Licinio Marastoni passed away on Dec 11, 2015 REPORT

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Updated 12.22.2015

Licinio Marastoni was born in Reggio Emilia in 1922, the third son of a reasonably successful amateur racer, Flaminio Marastoni. He was originally destined to become a priest as he did quite well at school and a well-to-do local woman had promised to support him through his religious studies. Licinio however had other ideas as he had been affected by the cycling bug. He was both a rider and super interested in the whole technology of bikes. As was the norm for the somewhat less privileged at the time, he therefore left school at age 11 and started an apprenticeship in 1933 with a local Reggiano framebuilder, by the name of Mattioli. It must be understood that at the time, an apprenticeship was not a paid job, but rather an opportunity to learn a trade, that often could only be had by paying the tradesman a fee. In Marastoni’s case, his desire to learn was so strong that Mattioli did not ask to be paid to teach him the trade.

He was a quick learner and a very hard worker, in fact so good that by 1939, at age 17, he was already building frames that carried his name. Unfortunately, after only a few years, the war intervened and he had to interrupt his career as a framebuilder for a short period until 1949, when he joined up with another older framebuilder Ferdinando Grasselli (Marastoni did not have the financial wherewithal to fund production on his own) and founded the company: Grasselli – Cicli Marastoni. Grasselli supplied the money and tooling and Marastoni the labor. In 1950, Licinio’s only child Marco was born. The Grasselli/Marastoni partnership was reasonably successful and continued until 1960 when Grasselli retired, after which Marastoni was more or less on his own. In 1969, Marastoni was to get to know a fellow who was producing light propane gas fixtures using the then reasonably new microfusion technology. Marastoni asked whether it would be possible to produce fork crowns and BB shells using the same technology. The fellow said that he would be willing to give it a try if Marastoni would fund the work, which was very expensive at the time. As it is an industrial process, he had to immediately ensure a minimum production quantity.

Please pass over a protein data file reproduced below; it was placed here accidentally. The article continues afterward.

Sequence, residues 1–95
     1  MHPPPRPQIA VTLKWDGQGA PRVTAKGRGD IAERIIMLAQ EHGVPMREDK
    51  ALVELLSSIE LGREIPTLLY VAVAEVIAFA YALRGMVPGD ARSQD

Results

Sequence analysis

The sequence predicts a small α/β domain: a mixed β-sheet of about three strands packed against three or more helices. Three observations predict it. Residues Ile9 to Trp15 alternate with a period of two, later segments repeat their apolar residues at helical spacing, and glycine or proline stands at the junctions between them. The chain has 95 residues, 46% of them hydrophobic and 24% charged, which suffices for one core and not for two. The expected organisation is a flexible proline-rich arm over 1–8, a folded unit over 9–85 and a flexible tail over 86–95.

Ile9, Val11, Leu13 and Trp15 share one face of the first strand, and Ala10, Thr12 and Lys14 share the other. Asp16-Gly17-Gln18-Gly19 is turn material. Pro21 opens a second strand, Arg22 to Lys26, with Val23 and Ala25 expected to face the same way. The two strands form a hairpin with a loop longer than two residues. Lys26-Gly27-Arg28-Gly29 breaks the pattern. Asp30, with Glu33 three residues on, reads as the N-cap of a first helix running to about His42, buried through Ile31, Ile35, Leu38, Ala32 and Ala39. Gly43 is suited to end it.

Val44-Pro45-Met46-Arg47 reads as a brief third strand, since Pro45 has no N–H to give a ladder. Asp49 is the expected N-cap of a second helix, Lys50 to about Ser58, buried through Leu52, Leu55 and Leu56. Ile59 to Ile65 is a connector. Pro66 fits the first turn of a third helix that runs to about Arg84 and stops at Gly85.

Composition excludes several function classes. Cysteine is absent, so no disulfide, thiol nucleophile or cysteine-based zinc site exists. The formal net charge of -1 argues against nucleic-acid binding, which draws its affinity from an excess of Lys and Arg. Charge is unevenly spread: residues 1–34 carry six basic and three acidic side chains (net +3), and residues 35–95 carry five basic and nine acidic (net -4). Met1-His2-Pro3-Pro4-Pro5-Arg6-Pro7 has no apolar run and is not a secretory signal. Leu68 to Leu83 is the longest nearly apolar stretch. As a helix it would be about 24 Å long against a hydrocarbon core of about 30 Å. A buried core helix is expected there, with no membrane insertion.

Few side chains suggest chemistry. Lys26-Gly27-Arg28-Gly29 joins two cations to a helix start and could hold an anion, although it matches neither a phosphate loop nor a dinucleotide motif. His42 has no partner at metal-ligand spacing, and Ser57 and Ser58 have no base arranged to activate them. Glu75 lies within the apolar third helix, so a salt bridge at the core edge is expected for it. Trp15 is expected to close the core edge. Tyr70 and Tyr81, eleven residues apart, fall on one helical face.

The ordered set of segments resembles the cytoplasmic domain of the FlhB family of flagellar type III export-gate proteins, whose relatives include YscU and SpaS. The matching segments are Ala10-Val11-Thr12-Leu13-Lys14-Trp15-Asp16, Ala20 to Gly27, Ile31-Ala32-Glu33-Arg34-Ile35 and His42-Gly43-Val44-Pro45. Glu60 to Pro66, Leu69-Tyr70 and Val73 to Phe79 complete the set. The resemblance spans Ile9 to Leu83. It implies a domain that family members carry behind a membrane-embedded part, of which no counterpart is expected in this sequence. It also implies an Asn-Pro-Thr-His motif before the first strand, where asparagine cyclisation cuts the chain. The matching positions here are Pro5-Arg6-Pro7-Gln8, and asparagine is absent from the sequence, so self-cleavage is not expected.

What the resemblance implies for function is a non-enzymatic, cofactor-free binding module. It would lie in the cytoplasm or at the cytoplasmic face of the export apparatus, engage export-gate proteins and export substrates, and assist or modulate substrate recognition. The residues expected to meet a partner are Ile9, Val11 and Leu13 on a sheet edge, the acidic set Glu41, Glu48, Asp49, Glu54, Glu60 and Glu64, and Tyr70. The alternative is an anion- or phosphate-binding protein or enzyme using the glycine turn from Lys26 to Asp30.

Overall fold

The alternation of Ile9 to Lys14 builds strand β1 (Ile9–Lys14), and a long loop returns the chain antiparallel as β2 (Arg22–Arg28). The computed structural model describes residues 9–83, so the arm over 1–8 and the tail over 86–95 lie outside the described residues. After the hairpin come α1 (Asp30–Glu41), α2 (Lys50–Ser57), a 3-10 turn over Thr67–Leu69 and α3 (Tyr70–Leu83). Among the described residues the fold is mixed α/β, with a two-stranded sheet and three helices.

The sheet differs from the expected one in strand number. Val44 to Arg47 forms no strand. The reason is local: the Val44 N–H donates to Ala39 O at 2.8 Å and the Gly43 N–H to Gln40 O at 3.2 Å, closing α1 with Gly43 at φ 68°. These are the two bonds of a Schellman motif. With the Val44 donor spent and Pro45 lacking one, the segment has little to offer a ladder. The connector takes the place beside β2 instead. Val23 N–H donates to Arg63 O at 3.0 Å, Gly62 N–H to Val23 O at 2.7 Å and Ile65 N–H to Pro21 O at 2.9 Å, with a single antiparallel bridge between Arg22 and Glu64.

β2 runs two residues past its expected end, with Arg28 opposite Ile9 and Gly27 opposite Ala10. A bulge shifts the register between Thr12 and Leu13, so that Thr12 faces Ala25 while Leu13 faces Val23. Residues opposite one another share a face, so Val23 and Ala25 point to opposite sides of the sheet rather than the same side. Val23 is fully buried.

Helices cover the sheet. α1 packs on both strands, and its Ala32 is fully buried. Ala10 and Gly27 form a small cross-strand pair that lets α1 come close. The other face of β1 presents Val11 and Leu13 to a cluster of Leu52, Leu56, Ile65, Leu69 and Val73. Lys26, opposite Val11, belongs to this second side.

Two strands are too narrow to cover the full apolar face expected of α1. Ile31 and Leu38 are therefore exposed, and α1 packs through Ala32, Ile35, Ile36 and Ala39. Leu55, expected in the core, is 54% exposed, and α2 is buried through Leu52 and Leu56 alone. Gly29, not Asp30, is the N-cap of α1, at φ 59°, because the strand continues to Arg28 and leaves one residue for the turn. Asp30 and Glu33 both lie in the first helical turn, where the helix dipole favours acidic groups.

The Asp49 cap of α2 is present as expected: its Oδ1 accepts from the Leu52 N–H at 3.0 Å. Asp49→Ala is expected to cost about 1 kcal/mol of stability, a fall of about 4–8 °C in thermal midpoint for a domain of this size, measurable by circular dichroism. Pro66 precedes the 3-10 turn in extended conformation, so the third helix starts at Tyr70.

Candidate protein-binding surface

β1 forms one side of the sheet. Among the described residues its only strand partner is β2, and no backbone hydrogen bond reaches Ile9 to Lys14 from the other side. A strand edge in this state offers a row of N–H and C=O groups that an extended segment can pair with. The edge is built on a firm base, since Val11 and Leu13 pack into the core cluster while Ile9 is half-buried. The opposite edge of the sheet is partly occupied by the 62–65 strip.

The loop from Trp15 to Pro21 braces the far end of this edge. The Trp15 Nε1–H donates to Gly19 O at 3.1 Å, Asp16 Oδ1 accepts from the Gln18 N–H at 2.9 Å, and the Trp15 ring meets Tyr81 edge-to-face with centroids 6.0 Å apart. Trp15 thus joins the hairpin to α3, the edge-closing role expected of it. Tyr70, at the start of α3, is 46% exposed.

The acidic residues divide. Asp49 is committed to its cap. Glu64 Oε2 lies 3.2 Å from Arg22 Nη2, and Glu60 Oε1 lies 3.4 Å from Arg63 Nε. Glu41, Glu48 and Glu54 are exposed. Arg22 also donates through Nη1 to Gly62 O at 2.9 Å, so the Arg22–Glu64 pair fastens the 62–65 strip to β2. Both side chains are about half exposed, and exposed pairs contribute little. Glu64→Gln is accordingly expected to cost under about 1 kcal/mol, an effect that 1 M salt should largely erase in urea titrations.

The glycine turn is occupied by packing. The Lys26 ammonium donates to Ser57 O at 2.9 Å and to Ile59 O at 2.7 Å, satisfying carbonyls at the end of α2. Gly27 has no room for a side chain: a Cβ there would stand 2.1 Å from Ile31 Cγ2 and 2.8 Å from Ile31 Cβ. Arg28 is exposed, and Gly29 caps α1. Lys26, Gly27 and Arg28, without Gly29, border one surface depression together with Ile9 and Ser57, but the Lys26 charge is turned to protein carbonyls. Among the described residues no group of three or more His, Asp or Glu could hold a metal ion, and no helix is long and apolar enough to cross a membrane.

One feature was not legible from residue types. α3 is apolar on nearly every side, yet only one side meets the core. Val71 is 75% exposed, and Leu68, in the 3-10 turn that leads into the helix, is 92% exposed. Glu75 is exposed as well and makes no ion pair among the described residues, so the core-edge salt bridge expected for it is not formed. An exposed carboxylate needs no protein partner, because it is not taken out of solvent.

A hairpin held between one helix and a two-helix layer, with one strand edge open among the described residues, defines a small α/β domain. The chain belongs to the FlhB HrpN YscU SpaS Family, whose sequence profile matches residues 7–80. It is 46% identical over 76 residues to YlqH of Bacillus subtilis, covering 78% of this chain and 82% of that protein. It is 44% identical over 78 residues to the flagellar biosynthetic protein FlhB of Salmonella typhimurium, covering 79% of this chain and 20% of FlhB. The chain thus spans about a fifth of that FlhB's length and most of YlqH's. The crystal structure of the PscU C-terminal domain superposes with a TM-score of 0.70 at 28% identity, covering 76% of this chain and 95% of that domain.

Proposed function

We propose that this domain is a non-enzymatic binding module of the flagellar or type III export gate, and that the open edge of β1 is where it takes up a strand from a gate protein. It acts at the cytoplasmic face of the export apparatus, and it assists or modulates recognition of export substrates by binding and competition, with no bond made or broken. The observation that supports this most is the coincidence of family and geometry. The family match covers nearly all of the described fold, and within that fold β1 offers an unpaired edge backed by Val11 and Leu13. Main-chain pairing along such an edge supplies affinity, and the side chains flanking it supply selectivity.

Marastoni bottom bracket shell and frame building tools

This production was made in 1970. In 1971 during a visit to Reggio Emilia, Cino Cinelli stopped by and commented on the beauty of the fork crowns that Marastoni was using. After an exchange of information about the production method, Cino suggested that Marastoni bring them to the Milan show in the fall of 1972. He could then show them around to select people, following up with a patent once they were accepted. Cinelli then directed Marastoni to Microfusione Italiana in Brescia for industrial production. The frame bits that were presented were well-liked and discussions for a larger scale production were already quite advanced when disaster struck shortly after the presentation in 1972.

His only child, Marco Marastoni, was in fact killed in a car accident while on his way to work in Parma. Licinio was devastated and completely lost interest in the IC frame bits and even stopped building bikes for a while. This was the lowest point of his life. He only decided to return by popular request after a hiatus of about one year. To honor his lost son, he then began to: a) decal his better frames as Marco Marastoni (and then only if he knew they were going to somebody who would respect the bike!), b) sponsor a rather important local race (the Marco Marastoni Memorial race was run from 1973 until 1996) and c) changed the name of the local bicycle club that he sponsors to “Club Marco Marastoni”.

His annual production was never all that large, but given that he produced frames for more than 60 years, there are quite a few of his bikes out there. He built his last frames in the late 90’s. His frames show great care and many show unusual flourishes not usually found on the frames of other builders. Beyond perhaps the first use of IC frame parts, he was indeed one of the first to use almost exclusively braze-on front derailleurs in the first half of the 70’s. He made a variety of different braze-on versions. He was also one of the first to braze on the centerbolts for brake calipers, as well as braze top tube cable guides and water bottle bolts (in the beginning he simply brazed on a bolt onto the down tube.

Marastoni bottom bracket shell and frame building tools

He built frames for a number of pros, including a time trial frame carrying Bianchi decals for Coppi, and a number of frames for Moser, including one used for one of Giro victories. He continued to race himself well into his 50’s. Today at the age of 87 (in 2009), he still rides (one of the last bike he built in the late 1990’s) and continues to support the riders of the Marco Marastoni club and will often be found to be building up and servicing bikes for club members (all free of charge). Another tidbit that was quite interesting is that when he stopped building frames on a regular basis, he passed his framebuilding equipment on to the Gozzi brothers of Rauler fame.

Steven Maasland 5.2009

1953 Bicycle

Licinio Marastoni with a circa late 1950s

courtesy Mr. Stefano Sandoli

Late 1970s bike

Two examples of late 1970s/early 1980s frames

Licinio in front of club showcase which includes his son's bike

Beautiful early 1980s bike